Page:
First, the bad news. For the third year in a row--and the sixth time in the last seven years--companies across North America aren't expecting to pay out bonuses at as high a level as they'd originally hoped.
In a recent survey of 121 companies in the United States and Canada, the HR consulting firm Towers Watson reported Thursday that respondents now plan to pay out bonuses at 87 percent of the level they'd forecast at the beginning of the year.
And now, the even worse news: One-quarter of the people getting those bonuses (albeit slightly lower) don't actually deserve them.
Towers Watson found that 24 percent of respondents said employees who "fail to meet performance expectations"--those who got the lowest ranking possible in their performance reviews--were still going to be paid bonuses. Additionally, nearly 20 percent of the companies surveyed said that employees who performed well and those who performed poorly would see no difference in the payout they'll receive.
Why do companies still pay bonuses to poor performers? At the executive level, that question has long been answered--unconvincingly, it should be said--by the explanation that executives who aren't paid the big bucks will head for the exit. There's enough of a talent shortage at the top, the theory goes, that the C-suite has to be paid mountains of cash and gobs of stock options to keep them around.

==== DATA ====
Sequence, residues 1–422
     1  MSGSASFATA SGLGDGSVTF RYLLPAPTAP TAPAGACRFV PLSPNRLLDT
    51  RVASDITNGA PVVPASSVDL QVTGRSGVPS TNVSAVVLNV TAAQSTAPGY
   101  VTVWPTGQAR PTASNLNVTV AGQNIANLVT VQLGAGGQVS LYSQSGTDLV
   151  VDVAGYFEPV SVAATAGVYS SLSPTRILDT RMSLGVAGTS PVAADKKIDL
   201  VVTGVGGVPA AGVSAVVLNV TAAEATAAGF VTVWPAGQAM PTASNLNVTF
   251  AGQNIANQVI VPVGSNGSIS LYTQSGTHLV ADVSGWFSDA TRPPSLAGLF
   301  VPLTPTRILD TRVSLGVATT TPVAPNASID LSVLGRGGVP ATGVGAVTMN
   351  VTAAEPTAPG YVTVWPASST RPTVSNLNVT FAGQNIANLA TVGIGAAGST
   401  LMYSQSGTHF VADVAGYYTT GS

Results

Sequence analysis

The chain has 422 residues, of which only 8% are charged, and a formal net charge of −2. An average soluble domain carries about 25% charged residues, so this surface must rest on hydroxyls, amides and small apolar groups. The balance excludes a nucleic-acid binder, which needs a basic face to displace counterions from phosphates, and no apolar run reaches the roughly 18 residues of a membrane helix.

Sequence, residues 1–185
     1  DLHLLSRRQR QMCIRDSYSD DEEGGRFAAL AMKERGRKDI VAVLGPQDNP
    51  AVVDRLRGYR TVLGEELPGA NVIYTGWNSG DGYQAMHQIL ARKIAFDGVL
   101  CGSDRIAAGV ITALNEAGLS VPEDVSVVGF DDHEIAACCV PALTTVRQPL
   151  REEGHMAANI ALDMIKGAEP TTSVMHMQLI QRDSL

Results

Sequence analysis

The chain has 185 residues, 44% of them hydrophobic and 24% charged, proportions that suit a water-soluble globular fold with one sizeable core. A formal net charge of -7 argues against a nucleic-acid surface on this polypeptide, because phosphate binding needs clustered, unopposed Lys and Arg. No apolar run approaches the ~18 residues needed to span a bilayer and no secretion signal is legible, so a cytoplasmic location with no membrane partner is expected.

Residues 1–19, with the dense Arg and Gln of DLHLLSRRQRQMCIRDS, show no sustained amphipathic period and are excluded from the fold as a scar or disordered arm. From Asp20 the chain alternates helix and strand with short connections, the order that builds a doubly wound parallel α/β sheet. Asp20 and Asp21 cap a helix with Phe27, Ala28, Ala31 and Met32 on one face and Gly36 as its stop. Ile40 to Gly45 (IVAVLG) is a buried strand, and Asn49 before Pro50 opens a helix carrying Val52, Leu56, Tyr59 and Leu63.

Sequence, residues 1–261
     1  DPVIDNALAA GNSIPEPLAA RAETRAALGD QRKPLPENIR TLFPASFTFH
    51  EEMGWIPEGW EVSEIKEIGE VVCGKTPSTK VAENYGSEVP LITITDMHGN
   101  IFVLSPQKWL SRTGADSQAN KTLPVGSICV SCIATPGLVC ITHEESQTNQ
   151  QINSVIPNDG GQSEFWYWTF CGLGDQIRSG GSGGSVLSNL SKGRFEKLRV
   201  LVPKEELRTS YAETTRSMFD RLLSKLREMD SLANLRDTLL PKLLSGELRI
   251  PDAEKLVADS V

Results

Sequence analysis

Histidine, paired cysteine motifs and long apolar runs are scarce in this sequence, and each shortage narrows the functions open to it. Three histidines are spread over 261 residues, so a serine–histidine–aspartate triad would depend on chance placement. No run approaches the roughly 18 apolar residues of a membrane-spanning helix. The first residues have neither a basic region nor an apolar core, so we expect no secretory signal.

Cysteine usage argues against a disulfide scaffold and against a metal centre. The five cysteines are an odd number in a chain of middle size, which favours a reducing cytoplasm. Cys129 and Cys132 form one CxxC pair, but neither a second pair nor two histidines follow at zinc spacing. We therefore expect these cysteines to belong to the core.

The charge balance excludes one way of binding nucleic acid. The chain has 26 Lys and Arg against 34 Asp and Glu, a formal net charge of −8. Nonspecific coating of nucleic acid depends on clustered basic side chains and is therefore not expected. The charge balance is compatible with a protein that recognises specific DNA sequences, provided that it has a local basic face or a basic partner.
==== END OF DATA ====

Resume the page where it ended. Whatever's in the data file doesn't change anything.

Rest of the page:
But among the rank-and-file--the employee group the Towers Watson survey covered--that argument is less applicable, for obvious reasons in an era of high unemployment. Laura Sejen, the global rewards practice leader for the consultancy, says it's likely the result of poor goal-setting, entrenched cultural beliefs that bonuses are expected, and the difficulty many managers have at delivering the tough message that some haven't performed well enough to get a bonus.
Is it any wonder, then, that bonuses aren't valued all that much by employees? In results that will sound like sacrilege to those who view the "pay for performance" concept as a sacred cow, other recent research from Towers Watson found that employees ranked annual bonuses 15th out of 27 factors that keep employees in their jobs and 22nd among those that would attract them to a new one.
That's because the difference between the bonuses paid out to the really good performers and the bonuses granted to the middling masses is often hardly enough to take your family somewhere for a long weekend. After all, says Sejen, if the bonuses aren't distinctive enough, "it's demotivating for the wrong people."
So if they don't care that much about bonuses, what do employees really want? Simple: a good base salary, job security, opportunities to advance in their careers, and a good manager. Each of these ranked much higher than bonuses in Towers Watson's study. Extra payouts are fine, but they don't mean very much when everybody gets one.
Jena McGregor is a columnist for On Leadership.